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A study has linked smoking e-cigarettes to higher risk of bladder cancer.
Dr. Sam Chang of Vanderbilt-Ingram Cancer Center in Nashville, reported in an American Urological News release, “We’ve known traditional smoking raises bladder cancer risk, and given the surge in popularity of e-cigarettes, it’s imperative we uncover any potential links.”
Chemicals in cigarettes and electronic cigarettes, such as nicotine, are excreted through the urine. Researchers examined the urine of e-cig users vs. those of non-smokers and found 92% of those who vaped had at least two of the five chemicals tested.
The University of Minnesota in 2015 identified chemicals commonly found in e-cig vapor to include:
Formaldehyde (human carcinogen)
Acetaldehyde (carcinogen related to alcohol drinking)
Acrolein (highly irritating and toxic)
Toluene (toxic) NNN, NNK (tobacco carcinogens related to nicotine)
Metals (possible carcinogens and toxicants)
In a second study, researchers looked at bladder tissue to see what nicotine and some of the chemicals in vapor could do. They found nicotine, nitrosamines and formaldehyde not only damaged lining but blocked the DNA repair, hence increasing risk of bladder cancer.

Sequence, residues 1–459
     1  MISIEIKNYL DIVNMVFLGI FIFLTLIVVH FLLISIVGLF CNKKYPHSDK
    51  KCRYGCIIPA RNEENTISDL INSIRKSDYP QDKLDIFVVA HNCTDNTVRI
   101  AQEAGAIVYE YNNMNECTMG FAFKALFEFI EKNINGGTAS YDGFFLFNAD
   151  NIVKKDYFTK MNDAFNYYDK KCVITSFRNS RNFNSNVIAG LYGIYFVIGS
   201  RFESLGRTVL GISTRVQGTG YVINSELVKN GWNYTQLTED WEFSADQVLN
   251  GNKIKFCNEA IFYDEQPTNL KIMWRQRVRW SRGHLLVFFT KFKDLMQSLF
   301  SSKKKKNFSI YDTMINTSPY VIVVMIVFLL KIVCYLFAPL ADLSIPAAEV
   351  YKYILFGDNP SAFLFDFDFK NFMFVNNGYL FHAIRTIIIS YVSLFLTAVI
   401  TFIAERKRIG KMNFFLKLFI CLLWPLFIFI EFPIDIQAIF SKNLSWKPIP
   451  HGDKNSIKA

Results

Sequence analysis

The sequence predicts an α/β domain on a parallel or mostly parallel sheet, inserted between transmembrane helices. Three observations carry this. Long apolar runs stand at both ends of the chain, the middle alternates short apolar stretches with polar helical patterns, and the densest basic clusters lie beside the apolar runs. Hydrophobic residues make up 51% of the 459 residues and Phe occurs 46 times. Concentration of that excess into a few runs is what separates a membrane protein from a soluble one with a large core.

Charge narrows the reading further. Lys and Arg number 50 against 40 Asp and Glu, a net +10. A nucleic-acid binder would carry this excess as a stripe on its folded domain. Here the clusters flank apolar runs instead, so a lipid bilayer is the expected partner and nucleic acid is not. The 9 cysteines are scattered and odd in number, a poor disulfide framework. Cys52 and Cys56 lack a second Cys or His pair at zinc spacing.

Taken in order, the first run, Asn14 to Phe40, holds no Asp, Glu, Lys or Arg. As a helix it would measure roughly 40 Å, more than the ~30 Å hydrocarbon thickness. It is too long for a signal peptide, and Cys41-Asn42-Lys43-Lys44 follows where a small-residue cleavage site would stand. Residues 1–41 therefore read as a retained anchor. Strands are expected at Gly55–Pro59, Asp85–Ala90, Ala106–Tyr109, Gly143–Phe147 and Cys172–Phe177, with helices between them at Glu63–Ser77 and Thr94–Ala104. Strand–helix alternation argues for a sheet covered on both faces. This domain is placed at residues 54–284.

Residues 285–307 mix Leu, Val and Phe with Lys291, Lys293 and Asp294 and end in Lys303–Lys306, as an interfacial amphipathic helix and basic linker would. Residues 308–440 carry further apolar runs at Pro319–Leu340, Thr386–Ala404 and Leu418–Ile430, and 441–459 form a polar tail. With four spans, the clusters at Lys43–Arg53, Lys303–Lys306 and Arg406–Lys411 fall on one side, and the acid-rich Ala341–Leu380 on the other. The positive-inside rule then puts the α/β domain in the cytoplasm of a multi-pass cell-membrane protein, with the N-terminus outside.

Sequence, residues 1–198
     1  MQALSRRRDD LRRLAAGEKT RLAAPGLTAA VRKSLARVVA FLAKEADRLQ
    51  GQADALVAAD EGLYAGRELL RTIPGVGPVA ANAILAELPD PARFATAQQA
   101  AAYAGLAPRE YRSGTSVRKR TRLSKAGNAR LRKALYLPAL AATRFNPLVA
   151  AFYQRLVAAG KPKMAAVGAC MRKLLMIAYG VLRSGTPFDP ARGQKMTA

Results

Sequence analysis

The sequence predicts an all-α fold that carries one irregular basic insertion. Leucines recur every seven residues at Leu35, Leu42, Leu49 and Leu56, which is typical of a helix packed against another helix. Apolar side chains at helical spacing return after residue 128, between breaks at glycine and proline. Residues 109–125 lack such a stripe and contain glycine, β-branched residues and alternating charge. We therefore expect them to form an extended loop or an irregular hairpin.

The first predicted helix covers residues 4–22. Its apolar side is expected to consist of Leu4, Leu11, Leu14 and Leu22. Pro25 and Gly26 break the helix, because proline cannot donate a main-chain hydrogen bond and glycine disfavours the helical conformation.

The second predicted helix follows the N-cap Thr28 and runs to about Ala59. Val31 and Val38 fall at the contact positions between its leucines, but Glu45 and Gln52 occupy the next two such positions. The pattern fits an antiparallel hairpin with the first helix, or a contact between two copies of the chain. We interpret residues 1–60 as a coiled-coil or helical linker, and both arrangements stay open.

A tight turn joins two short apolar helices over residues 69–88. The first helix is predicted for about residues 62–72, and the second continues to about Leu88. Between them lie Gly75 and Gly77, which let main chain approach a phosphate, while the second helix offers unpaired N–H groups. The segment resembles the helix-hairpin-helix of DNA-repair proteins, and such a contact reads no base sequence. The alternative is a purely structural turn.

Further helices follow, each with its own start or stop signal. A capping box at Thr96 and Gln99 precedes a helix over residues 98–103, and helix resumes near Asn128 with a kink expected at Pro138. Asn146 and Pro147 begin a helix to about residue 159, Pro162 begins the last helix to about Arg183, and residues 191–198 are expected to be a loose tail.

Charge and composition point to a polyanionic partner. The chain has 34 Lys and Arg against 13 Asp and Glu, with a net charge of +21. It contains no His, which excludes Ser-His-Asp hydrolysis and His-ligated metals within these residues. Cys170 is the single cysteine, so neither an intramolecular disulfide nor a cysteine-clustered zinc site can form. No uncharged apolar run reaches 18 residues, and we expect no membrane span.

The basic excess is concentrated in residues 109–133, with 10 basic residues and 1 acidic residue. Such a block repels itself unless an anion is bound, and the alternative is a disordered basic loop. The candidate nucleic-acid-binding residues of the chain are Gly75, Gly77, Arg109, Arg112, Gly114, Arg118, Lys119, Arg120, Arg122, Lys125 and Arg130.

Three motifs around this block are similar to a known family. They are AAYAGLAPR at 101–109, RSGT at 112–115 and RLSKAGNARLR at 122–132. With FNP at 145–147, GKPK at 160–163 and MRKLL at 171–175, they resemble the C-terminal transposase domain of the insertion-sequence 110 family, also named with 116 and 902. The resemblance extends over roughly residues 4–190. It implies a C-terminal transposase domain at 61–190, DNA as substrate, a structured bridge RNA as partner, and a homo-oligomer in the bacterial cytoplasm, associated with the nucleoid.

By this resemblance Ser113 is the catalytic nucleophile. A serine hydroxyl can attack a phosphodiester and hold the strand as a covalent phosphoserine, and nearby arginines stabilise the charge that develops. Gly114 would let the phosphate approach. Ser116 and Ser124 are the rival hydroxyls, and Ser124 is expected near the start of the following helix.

Although exact causes of bladder cancer are unknown, tobacco smoke has been the single greatest risk factor. Other risk factors for bladder cancer include diets rich in fried foods, arsenic, radon, occupational exposure to aromatic amines in textile, rubber and paint plants, and some medications such as pioglitazone used in diabetes. Being exposed to a worm causing schistosomiasis can also put one at risk for bladder cancer.
Symptoms of bladder cancer include blood in the urine (hematuria), difficulty urination due to obstruction, pain/burning with urination (dysuria), and sometimes no symptoms at all.
Bladder cancer is treated by surgery, radiation, chemotherapy or immunotherapy. The earlier its diagnosed, the easier it is to treat.
According to the American Cancer Society they project for 2017:
- About 79,030 new cases of bladder cancer (about 60,490 in men and 18,540 in women)
- About 16,870 deaths from bladder cancer (about 12,240 in men and 4,630 in women)
How many of these being related to electronic cigarettes is unknown.
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Daliah Wachs, MD, FAAFP is a nationally syndicated radio personality on GCN Network, iHeart Radio and Board Certified Family Physician